The Ministry of Foreign Affairs, through its missions, recently dispatched a circular requesting Kenyans to send suggestions to the Diaspora desk and simultaneously register online as voters.
The Diaspora formerly under the defunct Prime Minister’s office in the Grand Coalition remains a noble idea but whether it will achieve its objectives this time is another matter.
Mr Ahmed Issack Hassan, the chairman of the Independent Electoral & Boundaries Commission (IEBC) recently addressed Kenyans in the US and London where he urged his audience to register in large numbers for the 2017 general elections
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Taking part in the national elections is a civic duty. It also gives Kenyans living abroad, a sense of belonging. In the 2013 general election however, the process took a political dimension when politicians became its proponents and not the IEBC charged with that mandate.
Those with indelible mind may recall how presidential candidates and their protégé, took their campaign to the Diaspora promoting universal suffrage with fanfare, reminding their audience constitutional rights is inalienable.
It was clear to those familiar with Kenya’s election process, that waheshimiwas’ initiative was indeed futile. The Bill tabled in Parliament on the election budget allocation of 2013/14 did not include the Diaspora voting budget and a framework, spelling out the voting procedures. Neither did the registration of voters exercise, take place ninety days before the polls as stipulated in the 2011 Election Act.
As the election date approached, two things happened – politicians receded from the scene, leaving the Diaspora latching on the polling date, and IEBC’s engagement with the Diaspora quietly dissipated. All the attention shifted to the acquisition of electronic election gadgets that later failed to function on the polling day.
The disenfranchisement of the Diaspora was then sealed after the National Treasury unilaterally slashed the election budget proposal from Ksh41b to Ksh17.5b – none of two figures would accommodate external voting.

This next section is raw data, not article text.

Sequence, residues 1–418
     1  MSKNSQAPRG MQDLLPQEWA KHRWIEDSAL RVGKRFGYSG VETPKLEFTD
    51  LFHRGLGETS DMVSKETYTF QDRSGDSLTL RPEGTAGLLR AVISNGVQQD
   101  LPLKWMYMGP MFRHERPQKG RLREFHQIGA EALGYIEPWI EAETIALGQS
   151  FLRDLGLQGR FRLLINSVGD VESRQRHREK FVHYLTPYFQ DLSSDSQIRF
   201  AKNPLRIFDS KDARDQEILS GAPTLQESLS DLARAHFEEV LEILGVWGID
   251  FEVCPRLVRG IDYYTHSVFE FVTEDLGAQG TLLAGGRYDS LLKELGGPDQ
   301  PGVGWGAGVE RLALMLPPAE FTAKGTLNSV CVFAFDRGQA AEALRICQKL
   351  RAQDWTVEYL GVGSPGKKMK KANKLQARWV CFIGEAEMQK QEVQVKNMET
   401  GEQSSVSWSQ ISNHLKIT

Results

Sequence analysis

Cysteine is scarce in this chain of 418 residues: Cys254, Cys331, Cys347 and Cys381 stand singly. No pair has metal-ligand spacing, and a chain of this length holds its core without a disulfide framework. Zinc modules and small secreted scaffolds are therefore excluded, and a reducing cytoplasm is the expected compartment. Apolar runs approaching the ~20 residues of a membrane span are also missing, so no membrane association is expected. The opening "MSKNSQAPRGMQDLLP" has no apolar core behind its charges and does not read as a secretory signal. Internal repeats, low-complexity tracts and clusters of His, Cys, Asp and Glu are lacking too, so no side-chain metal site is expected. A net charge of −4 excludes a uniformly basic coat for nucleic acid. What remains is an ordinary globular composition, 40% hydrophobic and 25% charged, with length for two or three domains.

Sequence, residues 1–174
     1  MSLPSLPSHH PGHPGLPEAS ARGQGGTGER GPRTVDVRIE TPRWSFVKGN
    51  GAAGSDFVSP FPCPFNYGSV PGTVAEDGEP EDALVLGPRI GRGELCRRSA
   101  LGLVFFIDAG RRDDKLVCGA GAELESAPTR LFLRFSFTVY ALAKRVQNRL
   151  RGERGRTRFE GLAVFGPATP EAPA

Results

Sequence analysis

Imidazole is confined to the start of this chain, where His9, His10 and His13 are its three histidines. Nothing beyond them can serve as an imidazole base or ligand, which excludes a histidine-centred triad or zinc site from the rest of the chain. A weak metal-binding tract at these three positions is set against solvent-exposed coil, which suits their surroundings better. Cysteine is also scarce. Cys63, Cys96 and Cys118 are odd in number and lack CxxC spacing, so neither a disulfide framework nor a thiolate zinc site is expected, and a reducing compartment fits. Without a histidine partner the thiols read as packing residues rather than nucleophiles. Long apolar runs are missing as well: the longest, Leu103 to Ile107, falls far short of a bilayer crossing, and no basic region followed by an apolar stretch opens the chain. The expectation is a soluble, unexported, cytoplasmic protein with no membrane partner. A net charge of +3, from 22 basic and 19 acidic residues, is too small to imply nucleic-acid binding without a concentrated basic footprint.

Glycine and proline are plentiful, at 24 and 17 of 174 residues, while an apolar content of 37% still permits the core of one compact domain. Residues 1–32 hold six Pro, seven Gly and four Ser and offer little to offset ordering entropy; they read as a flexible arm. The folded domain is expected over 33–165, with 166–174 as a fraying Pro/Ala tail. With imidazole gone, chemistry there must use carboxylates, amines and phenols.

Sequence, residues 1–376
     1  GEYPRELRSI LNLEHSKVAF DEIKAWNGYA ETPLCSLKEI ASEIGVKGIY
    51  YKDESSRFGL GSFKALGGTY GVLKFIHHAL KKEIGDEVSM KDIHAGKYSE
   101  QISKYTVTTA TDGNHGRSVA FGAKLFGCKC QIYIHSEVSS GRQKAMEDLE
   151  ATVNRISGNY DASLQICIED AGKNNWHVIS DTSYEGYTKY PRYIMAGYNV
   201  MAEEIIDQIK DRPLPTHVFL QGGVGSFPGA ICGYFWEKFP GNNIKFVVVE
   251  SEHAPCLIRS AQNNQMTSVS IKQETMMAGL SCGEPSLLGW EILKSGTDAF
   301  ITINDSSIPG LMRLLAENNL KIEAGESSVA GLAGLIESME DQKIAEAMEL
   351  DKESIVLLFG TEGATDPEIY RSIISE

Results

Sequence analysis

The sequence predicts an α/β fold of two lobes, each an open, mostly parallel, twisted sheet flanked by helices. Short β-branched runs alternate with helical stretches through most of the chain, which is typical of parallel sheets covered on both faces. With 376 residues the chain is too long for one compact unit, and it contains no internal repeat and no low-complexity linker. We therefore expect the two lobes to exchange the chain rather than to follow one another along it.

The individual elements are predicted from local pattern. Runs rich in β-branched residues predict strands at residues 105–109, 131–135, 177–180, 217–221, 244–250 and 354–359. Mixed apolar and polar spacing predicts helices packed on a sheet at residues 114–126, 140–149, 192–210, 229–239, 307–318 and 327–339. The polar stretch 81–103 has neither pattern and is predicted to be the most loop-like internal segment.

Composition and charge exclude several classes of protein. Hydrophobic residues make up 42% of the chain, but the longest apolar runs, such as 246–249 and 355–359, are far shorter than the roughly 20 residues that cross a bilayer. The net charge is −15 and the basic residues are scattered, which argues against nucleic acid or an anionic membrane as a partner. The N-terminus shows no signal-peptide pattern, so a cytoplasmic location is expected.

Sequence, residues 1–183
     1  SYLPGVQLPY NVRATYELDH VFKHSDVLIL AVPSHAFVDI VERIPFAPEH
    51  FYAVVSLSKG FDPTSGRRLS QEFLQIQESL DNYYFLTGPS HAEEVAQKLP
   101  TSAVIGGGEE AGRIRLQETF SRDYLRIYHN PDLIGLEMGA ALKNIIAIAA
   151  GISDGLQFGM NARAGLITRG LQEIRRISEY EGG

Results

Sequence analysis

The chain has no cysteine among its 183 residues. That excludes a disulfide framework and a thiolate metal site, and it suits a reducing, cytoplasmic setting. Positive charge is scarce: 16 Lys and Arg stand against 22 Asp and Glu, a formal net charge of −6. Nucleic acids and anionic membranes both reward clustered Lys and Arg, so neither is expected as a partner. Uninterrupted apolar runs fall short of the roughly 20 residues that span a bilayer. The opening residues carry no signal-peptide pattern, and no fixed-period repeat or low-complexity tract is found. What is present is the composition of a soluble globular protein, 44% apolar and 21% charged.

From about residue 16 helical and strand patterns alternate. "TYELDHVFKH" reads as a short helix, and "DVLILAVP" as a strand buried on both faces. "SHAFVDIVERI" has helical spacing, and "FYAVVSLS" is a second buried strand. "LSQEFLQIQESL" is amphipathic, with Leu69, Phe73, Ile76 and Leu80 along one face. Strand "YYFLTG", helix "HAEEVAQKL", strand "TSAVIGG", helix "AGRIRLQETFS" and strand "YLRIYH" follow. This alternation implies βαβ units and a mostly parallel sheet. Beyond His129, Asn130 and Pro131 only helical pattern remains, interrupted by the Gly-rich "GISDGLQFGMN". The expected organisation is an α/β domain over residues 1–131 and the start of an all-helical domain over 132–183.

What is not clear whether both the government and the IEBC were aware of the impending logistical nightmare and costs in conducting elections of that scale Kenyan style on foreign lands, simply to comply with the Article 38 Sub-article (2) of the Constitution thus “Every citizen has the right to free, fair and regular elections based on universal suffrage and the free expression of the will of the electors politicians began to review the pro and cons of the process.
Politicians aspiring for the high office in the land began to scrutinise the risk of supporting electorate in the diaspora, whose party allegiance is obscure and voting pattern is unknown. The Diaspora constituency thus became an ogre, a voting bloc capable of swinging election outcome one way or the other Kenyan politicians did not wish to gamble on.
While addressing Kenyans in the US and London recently, Mr Hassan expressed his disappointment, citing the registration of 200 in the US and 8,000 in United Kingdom as too low for countries known to be hosting more than 300,000 and 200,000 Kenyans, respectively.
Mr. Hassan made clear that polling centres shall only be set up in electoral constituencies where the number of registered voters is not below 5000, a threshold likely to necessitate conflation of countries/states for the purpose of election event.